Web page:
The sculptor, Katarzyna Kobro (1898–1951), spent her early years in Riga, Latvia. Her family moved to Moscow in 1915, and from 1917 to 1920, she studied at the Moscow School of Painting, Sculpture, and Architecture. She also was a member of the Moscow Union of Artists. In 1920 she was married to a Polish artist Władysław Strzemiński. After that, she fled to Poland in 1922 to obtain Polish citizenship.
The more you learn about Katarzyna Kobro, the more you realize how Constructivism has influenced Katarzyna Kobro art and how she, as a dedicated Constructivist, again influenced other artists and even later art movements.
In this article, we’ll look at the Constructivist movement. And also find out what Kobro’s role has been in developing the Constructivist philosophy.
At the beginning of 1913, the philosophy of Constructivism originated in Russia. In short, Constructivism was a rejection of the idea of autonomous art. Instead, the artists following this philosophy wanted to “construct” art.
The Constructivist artists favored art as a practice for social purposes. They rejected individualism, subjectivism, and expressionism and instead took absolute objectivism of form as their point of departure.
Constructivism and artists like Katarzyna Kobro had a significant effect on the art movements of the 1900s. Its influence can be detected in trends such as the later Bauhaus and De Stijl movements.
Polish artists seeking new forms and means of expression were first called Polish Expressionists and later Formists. The Formists were looking for art reform slogans in Poland.
The original name “Polish Expressionists” indicated that the artists identified a distinctiveness of Polish culture against European heritage. Instead, they wanted to relate to their Polish national traditions.
Katarzyna Kobro’s experience in the USSR was significant for developing this new Polish movement as the artists were also developing new ideas concerning the use of unusual materials. The term “Constructivists” was used more and more.
The Constructivists in Poland formed an avant-garde art group that was very active in Warsaw from 1924 to 1926. Katarzyna Kobro became one of the primary role-players in the Constructivist movement in Poland.
Her main aim was to create abstract works of Katarzyna Kobro art based on universal and objective rules that she had discovered through experimentation and analysis.
Her sculptures were meant to be without focal points but a uniform and infinite space conceptualization. She always tried to organize space not to be divided into the area enclosed within a form.
Her philosophy was that her work should coexist with space. The ideal was that space should penetrate her sculptures.
Kobro co-founded the Praesens group (1926) with several architects sharing her philosophies regarding space and form. However, she left the group in 1929 over differences regarding content.
She then founded a group with the painters Strzemiński, and Henryk Stażewski, and poets Jan Brzękowski and Julian Przyboś. They saw themselves as “revolutionary artists” and artists whose works were “real avant-garde.”
Kobro was also an important role player in establishing the Museum of Modern Art in Łódź. Together with her husband, they joined the Abstraction-Création group in 1932. In 1937 Kobro signed the 1936 Dimensionist Manifesto to show her agreement with the vision of the manifesto.
Kobro identified the aspects set out in the Dimensionist Manifesto of 1936. By signing it, she demonstrated her hope that what she believed in would also have future influence. Dimensions is a general artistic movement that has been continuously developed. Today, the essence and theory of this movement can be found in its conceptions of space-time. They are the same conceptions Kobro developed and used during the Constructivist Movement.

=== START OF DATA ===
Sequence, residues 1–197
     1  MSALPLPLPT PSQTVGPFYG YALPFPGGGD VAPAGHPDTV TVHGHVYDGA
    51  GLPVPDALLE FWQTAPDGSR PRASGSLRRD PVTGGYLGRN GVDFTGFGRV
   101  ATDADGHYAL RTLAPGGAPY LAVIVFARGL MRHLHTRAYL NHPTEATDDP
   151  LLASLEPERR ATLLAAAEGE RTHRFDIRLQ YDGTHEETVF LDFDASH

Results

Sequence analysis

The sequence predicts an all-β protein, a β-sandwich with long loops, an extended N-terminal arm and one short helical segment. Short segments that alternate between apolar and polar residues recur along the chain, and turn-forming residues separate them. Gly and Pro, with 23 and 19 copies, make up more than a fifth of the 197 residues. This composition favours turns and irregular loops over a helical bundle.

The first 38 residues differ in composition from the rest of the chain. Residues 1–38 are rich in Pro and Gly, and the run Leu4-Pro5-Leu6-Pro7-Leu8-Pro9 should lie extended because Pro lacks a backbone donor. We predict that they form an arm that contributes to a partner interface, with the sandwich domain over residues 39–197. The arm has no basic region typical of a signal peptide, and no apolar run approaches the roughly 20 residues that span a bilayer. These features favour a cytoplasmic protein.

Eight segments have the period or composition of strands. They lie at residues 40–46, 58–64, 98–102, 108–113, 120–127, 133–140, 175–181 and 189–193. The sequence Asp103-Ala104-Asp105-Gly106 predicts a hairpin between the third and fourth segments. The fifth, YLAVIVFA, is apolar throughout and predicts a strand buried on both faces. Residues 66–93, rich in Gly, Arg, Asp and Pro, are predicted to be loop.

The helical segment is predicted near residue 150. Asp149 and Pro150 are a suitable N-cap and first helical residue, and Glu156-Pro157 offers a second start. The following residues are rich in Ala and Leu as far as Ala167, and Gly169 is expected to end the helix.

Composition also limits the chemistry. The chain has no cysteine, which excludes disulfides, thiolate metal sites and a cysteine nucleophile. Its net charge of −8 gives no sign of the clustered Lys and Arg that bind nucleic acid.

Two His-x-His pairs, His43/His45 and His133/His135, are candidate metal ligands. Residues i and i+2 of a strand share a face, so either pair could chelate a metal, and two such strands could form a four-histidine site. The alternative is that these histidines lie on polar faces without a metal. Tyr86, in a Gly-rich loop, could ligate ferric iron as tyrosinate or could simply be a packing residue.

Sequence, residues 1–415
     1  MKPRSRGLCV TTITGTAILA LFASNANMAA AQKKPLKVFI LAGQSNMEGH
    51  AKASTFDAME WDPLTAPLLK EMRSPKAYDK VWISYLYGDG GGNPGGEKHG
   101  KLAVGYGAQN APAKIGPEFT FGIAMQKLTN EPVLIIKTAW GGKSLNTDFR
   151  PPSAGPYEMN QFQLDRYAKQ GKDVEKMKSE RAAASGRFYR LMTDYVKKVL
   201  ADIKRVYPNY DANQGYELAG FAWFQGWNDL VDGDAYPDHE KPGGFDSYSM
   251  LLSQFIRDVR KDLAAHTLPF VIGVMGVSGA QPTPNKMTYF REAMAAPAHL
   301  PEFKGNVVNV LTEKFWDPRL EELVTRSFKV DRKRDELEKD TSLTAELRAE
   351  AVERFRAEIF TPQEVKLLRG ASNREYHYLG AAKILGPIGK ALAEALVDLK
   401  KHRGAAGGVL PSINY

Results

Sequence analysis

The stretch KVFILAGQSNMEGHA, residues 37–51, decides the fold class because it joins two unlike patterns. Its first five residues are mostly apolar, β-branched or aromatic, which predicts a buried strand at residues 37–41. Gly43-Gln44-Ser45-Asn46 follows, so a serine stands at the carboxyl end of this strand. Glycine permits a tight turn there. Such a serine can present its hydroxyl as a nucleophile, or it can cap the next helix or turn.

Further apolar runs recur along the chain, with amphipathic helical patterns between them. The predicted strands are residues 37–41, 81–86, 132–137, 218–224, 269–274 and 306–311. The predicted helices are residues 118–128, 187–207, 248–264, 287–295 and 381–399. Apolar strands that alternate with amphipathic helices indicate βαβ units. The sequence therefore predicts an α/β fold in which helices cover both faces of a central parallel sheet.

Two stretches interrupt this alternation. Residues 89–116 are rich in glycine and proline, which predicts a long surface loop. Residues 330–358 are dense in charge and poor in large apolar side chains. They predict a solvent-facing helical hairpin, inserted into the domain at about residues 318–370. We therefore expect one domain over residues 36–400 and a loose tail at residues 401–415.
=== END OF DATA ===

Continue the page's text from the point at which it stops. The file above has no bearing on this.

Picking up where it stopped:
Contrary to the classical conception, the basic philosophy is that space and time are not separate categories. Instead, they are seen as related dimensions. Thus all the traditional limits and boundaries of the arts have disappeared.
Thus, it can be said that the Dimensionist tendency has developed the idea found in Katarzyna Kobro’s art. Constructivism has encouraged artists to change the conventions of their disciplines. For example, literary works are written on the page rather than stanzas; paintings are created on canvases rather than pieces of paper; sculptures often exist in a three-dimensional space.
Spatial Composition – Katarzyna Kobro
Unfortunately, most of Kobro’s artworks were destroyed by the Nazis, but she still left a mark on the future of abstract sculpture. Fortunately, there are photos of most of the ruined works.
Kobro made her first sculpture, “Tos 75 – Struktura” (“Tos 75 – Structure”), in 1920; it is an abstract geometric form made from a combination of wood, metal, cork, and glass. Kobro broke away from artistic traditions where a sculpture was considered a discrete object.
Kobro created works that coexisted within the surrounding space, allowing the area to penetrate her forms. At one stage, she wrote that “the relationship between the space contained within the sculpture and the space situated outside the sculpture” is most important in a sculpture.
One excellent example of her sculptures is her “Spatial Composition 1” of 1925. It is one of eight Spatial Compositions and is made of painted steel. This artwork demonstrates her belief that sculpture is only a tool for “the shaping of space.” The sculpture is almost an architectural work. It indicates her desire to bring sculpture in harmony with urban space and experience.
Katarzyna Kobro, Polish sculptor was one of the leaders of the Constructivist movement in the early 1900s. She influenced many artists and more modern art movements and will always be remembered as a sculptor who had the vision and the drive to break away from classical views regarding sculptures.